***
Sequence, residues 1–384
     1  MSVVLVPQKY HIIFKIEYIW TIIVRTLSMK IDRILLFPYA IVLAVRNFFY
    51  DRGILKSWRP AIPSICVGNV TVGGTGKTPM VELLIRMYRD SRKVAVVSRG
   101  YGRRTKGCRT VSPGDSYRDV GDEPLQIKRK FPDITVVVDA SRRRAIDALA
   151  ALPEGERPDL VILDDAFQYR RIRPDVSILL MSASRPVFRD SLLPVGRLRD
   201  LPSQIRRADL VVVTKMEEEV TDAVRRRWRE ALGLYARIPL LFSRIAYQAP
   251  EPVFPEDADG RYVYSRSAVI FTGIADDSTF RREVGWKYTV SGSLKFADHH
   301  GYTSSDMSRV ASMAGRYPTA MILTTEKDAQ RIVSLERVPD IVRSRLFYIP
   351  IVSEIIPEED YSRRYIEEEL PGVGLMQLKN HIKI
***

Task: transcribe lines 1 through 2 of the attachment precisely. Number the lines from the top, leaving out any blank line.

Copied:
Sequence, residues 1–384
     1  MSVVLVPQKY HIIFKIEYIW TIIVRTLSMK IDRILLFPYA IVLAVRNFFY